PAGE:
Our new friends in the north would like to declare an interest

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THE NORTH has run up a flag. Last week, 238 individuals and 52 organisations from the north-east of England - including 11 MPs and 4 MEPs - signed a "Declaration for the North". (You can find it on a full page in the current New Statesman.)

The Declaration complains that the region's "massive potential" has been hindered by "neglect and isolation from over-centralised government in London". It welcomes Scottish and Welsh devolution. It demands a Regional Development Agency for the North-east, and "a directly elected Assembly representing the people of the North".

It's the last bit which is new. The call for a development agency is very old. But now, after decades of reluctance, the great and good of the North-east have gone on to call for regional democracy as well. The new Campaign for a Northern Assembly, which issued the Declaration, asks for a referendum "at the earliest opportunity" in the lifetime of this Parliament.

This is a big moment in the transformation of the British state, and in English history. For the first time, an English region has demanded self-government. Those who said that Tony Blair's dream of a decentralised England had no support have been confounded. But the sheer urgency and radicalism of the Declaration may be more than the Government bargained for.

The North-east was not always so idealistic. The old Labour power cliques of Tyneside, the soil in which T Dan Smith and John Poulson once flourished, wanted more room and money to do as they pleased - but no nonsense about democracy. Exactly 20 years ago, I went to a mighty gathering of bigwigs in Newcastle which had met to condemn Labour's proposals for devolution for Scotland and Wales. The Scottish and Welsh people were "tourist gimmicks", proclaimed one local councillor, and devolution would give them an unfair share of resources.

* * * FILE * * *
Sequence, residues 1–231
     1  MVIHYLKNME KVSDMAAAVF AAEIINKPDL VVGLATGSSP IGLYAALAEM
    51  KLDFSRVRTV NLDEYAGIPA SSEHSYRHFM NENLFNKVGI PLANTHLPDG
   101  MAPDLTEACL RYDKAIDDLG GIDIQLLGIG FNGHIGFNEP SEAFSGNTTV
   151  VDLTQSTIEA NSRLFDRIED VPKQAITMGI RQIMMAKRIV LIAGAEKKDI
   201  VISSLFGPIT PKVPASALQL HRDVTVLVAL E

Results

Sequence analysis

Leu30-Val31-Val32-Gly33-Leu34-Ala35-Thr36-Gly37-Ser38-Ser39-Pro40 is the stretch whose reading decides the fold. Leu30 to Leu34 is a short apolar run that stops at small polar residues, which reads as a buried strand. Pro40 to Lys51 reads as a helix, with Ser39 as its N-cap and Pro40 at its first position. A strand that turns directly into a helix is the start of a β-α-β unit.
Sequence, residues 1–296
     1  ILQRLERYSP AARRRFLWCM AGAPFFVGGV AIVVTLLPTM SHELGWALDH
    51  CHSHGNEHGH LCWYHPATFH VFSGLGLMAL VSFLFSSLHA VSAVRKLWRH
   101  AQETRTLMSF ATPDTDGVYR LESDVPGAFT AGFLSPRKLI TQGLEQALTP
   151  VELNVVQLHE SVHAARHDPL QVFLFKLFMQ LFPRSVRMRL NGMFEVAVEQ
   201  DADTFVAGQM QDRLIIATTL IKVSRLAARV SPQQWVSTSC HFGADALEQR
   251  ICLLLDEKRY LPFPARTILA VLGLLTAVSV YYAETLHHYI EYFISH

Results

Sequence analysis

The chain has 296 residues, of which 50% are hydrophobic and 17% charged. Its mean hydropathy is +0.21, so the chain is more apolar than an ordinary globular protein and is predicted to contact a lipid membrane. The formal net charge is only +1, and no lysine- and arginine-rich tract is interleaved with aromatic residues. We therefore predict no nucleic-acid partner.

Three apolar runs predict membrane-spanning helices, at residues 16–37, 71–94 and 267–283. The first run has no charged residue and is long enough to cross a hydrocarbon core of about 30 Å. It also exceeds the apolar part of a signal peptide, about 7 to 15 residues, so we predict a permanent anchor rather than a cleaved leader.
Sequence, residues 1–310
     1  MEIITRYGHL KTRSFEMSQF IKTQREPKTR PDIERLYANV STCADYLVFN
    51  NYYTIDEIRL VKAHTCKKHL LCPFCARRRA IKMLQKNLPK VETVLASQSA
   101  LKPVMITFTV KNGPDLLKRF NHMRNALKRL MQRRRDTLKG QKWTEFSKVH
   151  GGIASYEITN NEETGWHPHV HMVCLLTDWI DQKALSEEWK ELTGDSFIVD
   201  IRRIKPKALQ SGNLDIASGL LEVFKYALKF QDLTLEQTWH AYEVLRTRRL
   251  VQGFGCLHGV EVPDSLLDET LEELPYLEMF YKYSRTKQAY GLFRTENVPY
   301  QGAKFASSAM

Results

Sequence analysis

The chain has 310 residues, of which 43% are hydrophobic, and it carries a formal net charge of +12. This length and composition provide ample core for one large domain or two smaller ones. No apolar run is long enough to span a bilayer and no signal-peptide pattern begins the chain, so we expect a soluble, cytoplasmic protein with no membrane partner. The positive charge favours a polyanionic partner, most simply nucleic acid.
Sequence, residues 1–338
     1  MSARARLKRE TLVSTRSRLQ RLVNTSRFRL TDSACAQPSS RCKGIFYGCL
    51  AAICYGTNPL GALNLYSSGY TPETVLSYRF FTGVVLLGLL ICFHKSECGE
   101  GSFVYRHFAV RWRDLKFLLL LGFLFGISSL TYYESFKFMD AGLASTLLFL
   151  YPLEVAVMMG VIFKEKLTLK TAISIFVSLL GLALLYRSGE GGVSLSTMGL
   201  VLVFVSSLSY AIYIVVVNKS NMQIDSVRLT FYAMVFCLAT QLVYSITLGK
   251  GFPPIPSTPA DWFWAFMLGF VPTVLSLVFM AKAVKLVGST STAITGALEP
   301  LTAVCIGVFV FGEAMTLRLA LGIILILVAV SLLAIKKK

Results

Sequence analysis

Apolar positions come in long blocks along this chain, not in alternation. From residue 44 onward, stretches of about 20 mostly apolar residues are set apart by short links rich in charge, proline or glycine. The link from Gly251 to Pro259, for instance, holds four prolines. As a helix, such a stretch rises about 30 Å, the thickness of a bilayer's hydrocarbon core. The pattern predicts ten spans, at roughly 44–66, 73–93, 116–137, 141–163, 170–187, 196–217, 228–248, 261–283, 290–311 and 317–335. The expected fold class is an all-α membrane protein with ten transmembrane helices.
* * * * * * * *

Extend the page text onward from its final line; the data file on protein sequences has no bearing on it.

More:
Afterwards, I talked to James Gardner, the tough and likeable chief executive of Tyne & Wear. I asked him if he really hated Scottish devolution - or secretly wanted it for the North-east as well. "What we'd like, " he answered, "is a development agency and a block grant with about 10 per cent for me to play with and allocate how I like."

And an elected assembly?He didn't want that, he said; nobody wanted that. Instead, the agency and the block grant could be put under a strengthened version of the unofficial North-East Development Council. (The NEDC consisted mostly of nominees from the beefiest lobbies in the region.)

Full of virtuous outrage (those were the high-minded Seventies, after all), I wrote in my diary: "What does the North-east (or its ruling clique) really want? It wants power without democracy. It wants to mass together all the nominated boards and quangos under one executive - as long as that executive isn't elected! Then it would demand a block grant for this body and a full-blown development agency under its own direct control but funded from London. The unaccountability of the Scottish Office, which at least is responsible to Parliament and manned by civil servants, pales before this grand vision. I believe it is the most naively dictatorial concept north of Idi Amin's Uganda ... All they really mean [by opposing devolution] is that in the miserable struggle of foundlings round the gruel pot, Scotland has been given a tin spoon while they still have a bone one."

Many of the Labour MPs at that meeting went on to sabotage their own government's project for Scottish and Welsh Assemblies. By doing so, they helped to bring down James Callaghan's administration. And - unwittingly - they opened the door to 18 years of Thatcherite government which, by abolishing regional development grants and killing off most of the coal and steel industries, did more human and economic damage to the North- east than to almost any other region of Britain.